So to conclude, will dApps ever replace regular apps? I see a few reasons as to why they might and a few reasons as to why they won’t. The main key is to improve the number of use cases, as well as the availability, keep the price competitive and the usability up. First, the issues above need to be solved for Golem specifically from my point of view. Some proper marketing could not hurt as well, trialling at universities and companies. If dApps are adopted by a few large(r) players (with the right use cases), domestic (mass) adoption could follow. However, I think it is hard to comment on this seen as the technology and development is still taking baby steps. I hope there is much more to come!
submitted by mariapaulafn to GolemProject [link] [comments]

I have 1.5 or such ETH on the Rinkeby Test Net on Metamask...nobody is giving me a straight answer on how to move that to the the main ETH network.

All the posting I've done on Minds, I tried to make them as quality articles or links to music and videos that are part of what I'm willing to put effort into.
People over there have tried to help me,although one asked for my keys saying he would do the transfer no, I'm not easily fished, I'm on the internet since 1997, before the internet became known as "social media".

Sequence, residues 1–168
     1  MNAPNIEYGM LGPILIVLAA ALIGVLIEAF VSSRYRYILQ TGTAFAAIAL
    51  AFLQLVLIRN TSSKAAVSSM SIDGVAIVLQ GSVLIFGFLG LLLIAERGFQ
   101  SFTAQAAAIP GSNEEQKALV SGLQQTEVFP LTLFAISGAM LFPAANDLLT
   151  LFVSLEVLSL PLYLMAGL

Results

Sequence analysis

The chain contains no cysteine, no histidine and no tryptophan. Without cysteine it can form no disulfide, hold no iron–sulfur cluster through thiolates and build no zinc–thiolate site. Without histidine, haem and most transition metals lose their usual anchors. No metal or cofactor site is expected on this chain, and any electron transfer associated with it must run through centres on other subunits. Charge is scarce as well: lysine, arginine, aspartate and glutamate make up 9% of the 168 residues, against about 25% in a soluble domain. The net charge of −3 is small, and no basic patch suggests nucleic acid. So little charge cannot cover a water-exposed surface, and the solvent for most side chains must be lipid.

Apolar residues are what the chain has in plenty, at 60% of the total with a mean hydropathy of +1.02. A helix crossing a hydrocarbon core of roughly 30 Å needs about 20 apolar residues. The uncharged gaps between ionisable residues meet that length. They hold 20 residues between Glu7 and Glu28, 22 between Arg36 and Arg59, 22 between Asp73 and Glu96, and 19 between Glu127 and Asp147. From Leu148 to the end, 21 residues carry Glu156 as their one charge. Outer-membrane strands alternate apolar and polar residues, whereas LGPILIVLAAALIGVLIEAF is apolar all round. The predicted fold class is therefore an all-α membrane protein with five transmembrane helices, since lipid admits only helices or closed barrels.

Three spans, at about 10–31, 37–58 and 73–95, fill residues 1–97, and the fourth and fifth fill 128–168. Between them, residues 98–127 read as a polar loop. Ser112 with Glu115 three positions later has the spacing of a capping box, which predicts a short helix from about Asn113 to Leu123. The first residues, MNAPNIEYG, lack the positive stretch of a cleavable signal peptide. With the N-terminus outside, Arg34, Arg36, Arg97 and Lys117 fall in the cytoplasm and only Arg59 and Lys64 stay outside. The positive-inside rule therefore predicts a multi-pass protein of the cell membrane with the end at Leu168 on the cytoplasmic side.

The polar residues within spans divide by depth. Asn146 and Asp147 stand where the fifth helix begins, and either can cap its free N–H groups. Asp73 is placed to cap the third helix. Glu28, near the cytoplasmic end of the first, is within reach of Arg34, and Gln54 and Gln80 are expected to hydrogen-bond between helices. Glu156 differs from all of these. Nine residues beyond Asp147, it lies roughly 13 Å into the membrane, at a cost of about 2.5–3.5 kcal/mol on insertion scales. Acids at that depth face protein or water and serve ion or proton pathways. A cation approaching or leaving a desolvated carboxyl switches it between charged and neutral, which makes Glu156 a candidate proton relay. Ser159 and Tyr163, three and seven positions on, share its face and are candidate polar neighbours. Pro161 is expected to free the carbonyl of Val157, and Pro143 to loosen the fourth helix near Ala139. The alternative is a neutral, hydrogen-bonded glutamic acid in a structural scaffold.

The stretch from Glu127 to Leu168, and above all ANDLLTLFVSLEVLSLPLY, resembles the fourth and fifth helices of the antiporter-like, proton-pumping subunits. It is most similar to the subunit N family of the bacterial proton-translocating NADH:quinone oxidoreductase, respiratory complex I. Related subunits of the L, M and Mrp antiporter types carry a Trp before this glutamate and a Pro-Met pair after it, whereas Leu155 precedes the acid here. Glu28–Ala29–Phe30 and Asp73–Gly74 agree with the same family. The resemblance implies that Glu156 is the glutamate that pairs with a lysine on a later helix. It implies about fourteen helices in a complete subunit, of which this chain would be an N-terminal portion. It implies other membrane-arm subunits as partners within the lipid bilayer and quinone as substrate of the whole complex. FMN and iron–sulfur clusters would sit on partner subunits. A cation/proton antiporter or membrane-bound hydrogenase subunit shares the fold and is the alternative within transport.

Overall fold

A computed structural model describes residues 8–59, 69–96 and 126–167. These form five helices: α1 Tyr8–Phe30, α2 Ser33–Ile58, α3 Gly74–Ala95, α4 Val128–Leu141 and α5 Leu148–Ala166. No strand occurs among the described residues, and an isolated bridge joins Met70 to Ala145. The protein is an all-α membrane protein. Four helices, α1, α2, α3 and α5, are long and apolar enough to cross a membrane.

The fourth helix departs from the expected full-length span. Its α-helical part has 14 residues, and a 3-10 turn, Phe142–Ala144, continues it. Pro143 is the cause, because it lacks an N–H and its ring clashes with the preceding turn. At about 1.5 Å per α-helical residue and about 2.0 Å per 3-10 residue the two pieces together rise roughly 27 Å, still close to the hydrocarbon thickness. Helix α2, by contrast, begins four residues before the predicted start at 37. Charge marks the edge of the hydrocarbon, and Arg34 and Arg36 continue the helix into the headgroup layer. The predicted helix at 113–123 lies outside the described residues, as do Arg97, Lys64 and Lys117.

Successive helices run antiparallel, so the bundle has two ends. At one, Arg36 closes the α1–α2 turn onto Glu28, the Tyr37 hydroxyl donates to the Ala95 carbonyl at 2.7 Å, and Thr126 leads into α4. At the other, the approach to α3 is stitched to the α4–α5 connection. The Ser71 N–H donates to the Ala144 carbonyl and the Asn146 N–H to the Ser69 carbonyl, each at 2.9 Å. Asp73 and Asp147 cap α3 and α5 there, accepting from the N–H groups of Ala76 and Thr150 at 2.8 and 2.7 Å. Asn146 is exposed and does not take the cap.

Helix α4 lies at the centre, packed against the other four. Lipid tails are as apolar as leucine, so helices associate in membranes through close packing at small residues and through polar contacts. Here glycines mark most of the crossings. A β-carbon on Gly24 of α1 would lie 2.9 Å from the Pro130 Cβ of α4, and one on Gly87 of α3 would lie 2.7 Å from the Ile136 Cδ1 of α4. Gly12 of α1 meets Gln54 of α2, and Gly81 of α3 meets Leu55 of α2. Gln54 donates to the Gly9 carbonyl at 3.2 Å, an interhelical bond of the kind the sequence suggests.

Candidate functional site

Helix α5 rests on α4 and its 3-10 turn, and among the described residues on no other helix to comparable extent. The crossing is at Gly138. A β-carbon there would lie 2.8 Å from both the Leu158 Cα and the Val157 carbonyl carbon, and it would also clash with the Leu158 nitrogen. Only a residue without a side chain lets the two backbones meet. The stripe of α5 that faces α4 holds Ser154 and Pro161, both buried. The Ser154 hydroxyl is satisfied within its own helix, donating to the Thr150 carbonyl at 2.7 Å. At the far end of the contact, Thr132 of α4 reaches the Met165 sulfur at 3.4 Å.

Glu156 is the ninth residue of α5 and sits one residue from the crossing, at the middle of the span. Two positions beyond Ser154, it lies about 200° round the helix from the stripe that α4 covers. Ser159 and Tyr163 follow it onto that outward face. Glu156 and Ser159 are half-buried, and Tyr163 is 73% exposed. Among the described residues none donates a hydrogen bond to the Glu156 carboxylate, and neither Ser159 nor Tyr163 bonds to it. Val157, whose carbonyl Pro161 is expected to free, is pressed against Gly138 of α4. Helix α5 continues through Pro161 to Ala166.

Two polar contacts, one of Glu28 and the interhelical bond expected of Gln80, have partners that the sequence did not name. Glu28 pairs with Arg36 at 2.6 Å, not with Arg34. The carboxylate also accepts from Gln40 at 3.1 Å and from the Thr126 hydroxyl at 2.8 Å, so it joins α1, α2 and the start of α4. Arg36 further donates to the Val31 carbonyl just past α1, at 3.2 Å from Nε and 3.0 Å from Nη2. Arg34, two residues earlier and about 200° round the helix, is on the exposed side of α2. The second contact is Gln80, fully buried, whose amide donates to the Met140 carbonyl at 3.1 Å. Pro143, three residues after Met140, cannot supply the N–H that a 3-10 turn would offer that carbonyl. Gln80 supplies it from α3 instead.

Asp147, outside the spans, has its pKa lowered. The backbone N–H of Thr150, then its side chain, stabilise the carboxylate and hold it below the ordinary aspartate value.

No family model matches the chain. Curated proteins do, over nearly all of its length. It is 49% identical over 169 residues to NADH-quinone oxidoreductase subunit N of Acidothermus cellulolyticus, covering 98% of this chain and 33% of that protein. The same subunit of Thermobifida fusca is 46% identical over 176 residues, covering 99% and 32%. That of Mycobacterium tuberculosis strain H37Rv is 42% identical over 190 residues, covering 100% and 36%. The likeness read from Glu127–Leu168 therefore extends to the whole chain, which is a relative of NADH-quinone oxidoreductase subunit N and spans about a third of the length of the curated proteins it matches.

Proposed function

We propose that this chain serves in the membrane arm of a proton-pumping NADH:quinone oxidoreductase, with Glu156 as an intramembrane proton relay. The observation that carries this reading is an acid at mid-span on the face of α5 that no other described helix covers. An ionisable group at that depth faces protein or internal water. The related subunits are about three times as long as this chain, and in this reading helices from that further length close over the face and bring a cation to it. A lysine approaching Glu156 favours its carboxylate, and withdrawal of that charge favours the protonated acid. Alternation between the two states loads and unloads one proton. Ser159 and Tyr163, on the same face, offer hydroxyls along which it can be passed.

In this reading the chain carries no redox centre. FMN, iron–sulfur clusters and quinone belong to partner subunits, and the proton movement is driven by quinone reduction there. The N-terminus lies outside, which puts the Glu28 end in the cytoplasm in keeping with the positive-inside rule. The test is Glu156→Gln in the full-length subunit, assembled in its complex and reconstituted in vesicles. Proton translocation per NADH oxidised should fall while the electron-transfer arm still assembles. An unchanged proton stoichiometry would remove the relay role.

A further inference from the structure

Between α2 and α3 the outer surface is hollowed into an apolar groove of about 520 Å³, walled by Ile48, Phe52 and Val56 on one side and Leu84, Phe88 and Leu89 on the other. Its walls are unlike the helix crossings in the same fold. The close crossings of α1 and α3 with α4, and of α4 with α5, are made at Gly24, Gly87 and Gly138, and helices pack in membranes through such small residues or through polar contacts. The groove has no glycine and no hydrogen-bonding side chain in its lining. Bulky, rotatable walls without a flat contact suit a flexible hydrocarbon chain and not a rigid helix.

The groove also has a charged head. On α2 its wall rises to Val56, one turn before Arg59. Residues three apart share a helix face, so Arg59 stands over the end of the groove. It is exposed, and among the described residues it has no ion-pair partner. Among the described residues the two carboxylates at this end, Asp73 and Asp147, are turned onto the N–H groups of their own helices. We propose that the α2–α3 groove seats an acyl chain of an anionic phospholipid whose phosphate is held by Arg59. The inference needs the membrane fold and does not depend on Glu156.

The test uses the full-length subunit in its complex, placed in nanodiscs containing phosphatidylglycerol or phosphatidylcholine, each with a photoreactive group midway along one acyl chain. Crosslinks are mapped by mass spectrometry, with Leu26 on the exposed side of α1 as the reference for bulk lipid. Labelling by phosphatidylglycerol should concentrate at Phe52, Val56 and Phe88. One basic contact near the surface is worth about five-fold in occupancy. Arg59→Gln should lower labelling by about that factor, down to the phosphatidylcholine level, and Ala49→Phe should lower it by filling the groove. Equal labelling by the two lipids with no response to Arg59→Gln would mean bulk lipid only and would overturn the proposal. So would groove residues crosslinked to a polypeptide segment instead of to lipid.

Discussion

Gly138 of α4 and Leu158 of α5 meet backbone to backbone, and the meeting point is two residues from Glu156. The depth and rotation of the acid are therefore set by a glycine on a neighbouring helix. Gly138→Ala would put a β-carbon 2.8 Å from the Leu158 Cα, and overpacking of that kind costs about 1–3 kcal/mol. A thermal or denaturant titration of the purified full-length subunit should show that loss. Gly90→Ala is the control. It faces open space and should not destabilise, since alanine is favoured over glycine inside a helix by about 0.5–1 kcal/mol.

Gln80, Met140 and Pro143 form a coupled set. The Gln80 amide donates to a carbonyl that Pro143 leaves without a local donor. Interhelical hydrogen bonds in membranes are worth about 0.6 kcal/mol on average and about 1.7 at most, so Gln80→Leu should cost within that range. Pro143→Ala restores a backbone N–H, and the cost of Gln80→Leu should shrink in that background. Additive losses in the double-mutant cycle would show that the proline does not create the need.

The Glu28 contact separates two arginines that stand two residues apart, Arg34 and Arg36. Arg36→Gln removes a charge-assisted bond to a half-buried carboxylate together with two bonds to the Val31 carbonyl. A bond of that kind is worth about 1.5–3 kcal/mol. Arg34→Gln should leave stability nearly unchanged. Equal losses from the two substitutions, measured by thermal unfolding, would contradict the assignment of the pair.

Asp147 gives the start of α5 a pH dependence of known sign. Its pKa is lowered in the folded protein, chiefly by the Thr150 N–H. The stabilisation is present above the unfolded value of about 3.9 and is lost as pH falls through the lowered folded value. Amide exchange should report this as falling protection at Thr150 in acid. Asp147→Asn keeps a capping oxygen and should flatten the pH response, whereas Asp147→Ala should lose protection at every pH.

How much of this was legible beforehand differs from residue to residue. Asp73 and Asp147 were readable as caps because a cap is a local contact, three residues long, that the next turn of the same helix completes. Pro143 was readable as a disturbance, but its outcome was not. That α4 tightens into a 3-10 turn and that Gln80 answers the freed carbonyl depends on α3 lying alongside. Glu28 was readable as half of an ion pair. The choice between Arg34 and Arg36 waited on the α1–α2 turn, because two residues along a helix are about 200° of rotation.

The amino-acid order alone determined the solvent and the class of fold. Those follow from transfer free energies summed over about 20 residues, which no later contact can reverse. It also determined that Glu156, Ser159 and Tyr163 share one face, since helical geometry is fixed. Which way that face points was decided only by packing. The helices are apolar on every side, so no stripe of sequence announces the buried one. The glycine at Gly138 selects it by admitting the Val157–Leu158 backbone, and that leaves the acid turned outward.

Anyway, I want to move my stuff from that Rinkeby Test Network, when Minds ran on that, I had my Minds detect Metamask and my tokens went into My Onchain and Receiver address, which are the same when things are normal, iot about 20 tokens in Offchain, basically that ETH I can't move. I've been given guides, help on the Help group and the MindUsers group but what they say doesn't check out with reality, I've shown them's just not working. Have 500 USD worth of ETH and it seems like it wa practise ETH/tokens that do not count because Minds was in Beta mode afaik is what I'm starting to think. My wallet address is the same on Rinkeby and Main, which I know is normal. Metamask is supposed to main everything easier, but even trying to do it outside of Metamask doesn't work, like giving the task to the people at Minds who will do it for me, when I click transfer after inserting my wallet address, no message that it gets taken care of.